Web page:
Last week's puzzle

The puzzle in Issue 319 was to write a function that gave you a list of digits, given a number and a radix. Lots of great submissions.

The two main approaches seem to be:

  1. Convert the number to a string using the radix, then split the string into digits.
  2. Iteratively divide the number by the radix, using the remainder as the digit.

Both are valid and have their advantages. The string-based approach gives you digits greater than 9, for instance with a radix of 16. The division-and-remainder approach would simply give you a number greater than 9.

An intriguing exercise would be to go through the solutions and find out where they fail. Do they work for negative numbers? What if the radix is a weird number like zero or one? Do some snooping and see if you can find out where they break.

Thanks for participating!

This week's puzzle

remove the nth element from a list

Clojure's two main sequences, lists and vectors, do not easily let you remove an item from the collection when that item is in the middle of the sequence. Sometimes we need to do that. Write a function remove-at that removes the element at position n from a sequence.

(remove-at 3 [1 2 3 4 5 6])
; => (1 2 3 5 6)

Make this robust. You'll have to make some hard design decisions like how to handle the empty sequence, how to handle out-of-bounds n, and more.

Bonus points for clarity and efficiency. But the #1 priority is completeness and correctness. Please document your choices in comments.

Extra credit: write a separate version for sequences and for vectors. The vector version should take and return vectors.

As usual, please send me your implementations. I'll share them all in next week's issue. If you send me one, but you don't want me to share it publicly, please let me know.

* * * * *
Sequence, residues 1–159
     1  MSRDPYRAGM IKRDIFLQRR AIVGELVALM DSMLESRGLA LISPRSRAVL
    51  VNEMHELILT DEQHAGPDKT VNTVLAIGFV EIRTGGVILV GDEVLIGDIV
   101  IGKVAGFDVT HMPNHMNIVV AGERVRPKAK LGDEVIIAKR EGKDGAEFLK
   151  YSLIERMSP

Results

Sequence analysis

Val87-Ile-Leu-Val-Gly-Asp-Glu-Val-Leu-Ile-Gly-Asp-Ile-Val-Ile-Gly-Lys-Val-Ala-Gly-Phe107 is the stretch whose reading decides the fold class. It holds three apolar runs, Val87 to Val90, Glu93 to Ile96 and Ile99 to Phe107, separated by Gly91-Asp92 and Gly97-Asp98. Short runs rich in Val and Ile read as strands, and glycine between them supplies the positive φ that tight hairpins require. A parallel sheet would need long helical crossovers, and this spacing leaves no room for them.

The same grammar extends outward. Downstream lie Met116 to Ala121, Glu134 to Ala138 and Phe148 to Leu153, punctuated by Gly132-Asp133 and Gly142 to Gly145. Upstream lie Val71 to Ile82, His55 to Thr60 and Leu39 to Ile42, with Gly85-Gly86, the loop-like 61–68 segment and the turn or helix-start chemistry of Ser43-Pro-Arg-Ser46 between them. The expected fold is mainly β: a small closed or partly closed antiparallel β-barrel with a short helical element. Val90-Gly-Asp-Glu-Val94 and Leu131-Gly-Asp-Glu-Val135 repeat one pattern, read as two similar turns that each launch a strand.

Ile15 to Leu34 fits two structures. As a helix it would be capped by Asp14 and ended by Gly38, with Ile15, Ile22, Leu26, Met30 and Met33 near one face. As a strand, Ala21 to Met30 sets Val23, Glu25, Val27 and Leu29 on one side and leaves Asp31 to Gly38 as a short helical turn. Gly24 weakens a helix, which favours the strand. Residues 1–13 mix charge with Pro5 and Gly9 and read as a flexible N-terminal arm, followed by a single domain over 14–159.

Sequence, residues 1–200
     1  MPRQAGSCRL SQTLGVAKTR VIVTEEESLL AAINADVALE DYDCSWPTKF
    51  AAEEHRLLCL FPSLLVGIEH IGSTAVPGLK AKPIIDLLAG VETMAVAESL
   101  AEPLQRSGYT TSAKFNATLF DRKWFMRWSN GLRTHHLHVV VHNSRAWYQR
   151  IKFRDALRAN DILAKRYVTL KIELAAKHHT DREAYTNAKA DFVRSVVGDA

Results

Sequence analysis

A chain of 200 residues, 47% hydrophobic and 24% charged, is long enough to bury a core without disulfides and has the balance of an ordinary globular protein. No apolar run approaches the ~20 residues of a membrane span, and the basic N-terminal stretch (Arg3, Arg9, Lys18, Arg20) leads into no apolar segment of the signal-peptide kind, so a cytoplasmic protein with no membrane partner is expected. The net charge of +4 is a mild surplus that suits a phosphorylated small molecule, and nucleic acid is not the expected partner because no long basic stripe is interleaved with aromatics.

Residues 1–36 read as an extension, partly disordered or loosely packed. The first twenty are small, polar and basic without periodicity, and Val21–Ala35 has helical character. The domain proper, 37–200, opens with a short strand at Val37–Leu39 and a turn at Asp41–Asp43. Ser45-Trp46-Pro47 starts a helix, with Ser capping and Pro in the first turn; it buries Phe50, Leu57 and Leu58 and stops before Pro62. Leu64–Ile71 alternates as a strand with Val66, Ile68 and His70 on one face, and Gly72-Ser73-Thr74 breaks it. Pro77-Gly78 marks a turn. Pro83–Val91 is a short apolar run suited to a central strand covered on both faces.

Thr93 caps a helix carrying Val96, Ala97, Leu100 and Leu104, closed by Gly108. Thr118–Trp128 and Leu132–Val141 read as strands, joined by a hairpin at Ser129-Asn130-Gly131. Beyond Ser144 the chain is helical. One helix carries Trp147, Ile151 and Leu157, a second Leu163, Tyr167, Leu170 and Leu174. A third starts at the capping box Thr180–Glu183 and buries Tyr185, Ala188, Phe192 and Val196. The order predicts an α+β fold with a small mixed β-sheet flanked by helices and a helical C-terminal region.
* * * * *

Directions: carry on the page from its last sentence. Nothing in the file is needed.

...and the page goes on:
Rock on! Eric Normand

PS โœ๏ธ

I would like to announce my retirement from Clojure. As soon as I finish Repl-Driven Development in Clojure, I will consider Clojure learning material a solved problem. We always knew there would be an end, and it has been a good run.

Three factors combined to help me make this decision. The first is the recent Clojure 1.10.1 point release. The instability of Clojure has become a real issue, and upgrades seem near constant now and each more costly than the last. With all of the churn, I might as well be doing JavaScript at this point.

The second factor is more personal, but my doctor has told me I have severe repetitive strain injuries in my hands and wrists. He asked me what editor I used and when I told him Emacs with Cider, he shook his head and recommended I give VS Code a try.

The X-ray revealed extensive cramping my left hand, which he said was called Emacs Pinky. My right index and middle fingers showed serious bruising in the tips where they hit open and close paren. My doctor estimated they were used about four times as much as my other fingers. When I mentioned that JavaScript and other C-style languages have more braces than Lisp, he scoffed in disbelief. He recommended I go full time in JavaScript to see if that won't relieve some of the numbness in my hands.

The third factor in this decision is that the Clojure community has completely stopped growing. I always knew it was small, but just yesterday I could see almost a full week of the slack message history on the Clojurians Slack. I would expect by now to hit the 10k message limit at least daily, if not more often.

JavaScript is now the most popular language in the world, excepting Visual Basic and Excel (which I did consider switching to). It has a large community and very mature solutions. With only a few npm install commands, the whole world is at my worn-down fingertips. Since the ecosystem is stabilizing on React, it has fewer parens (according to my doctor), and VS Code is so nice, I'm making the switch as soon as possible.

Expect to see some JavaScript tips from me in the future, like what this means

(()=>({}))()

in future issues.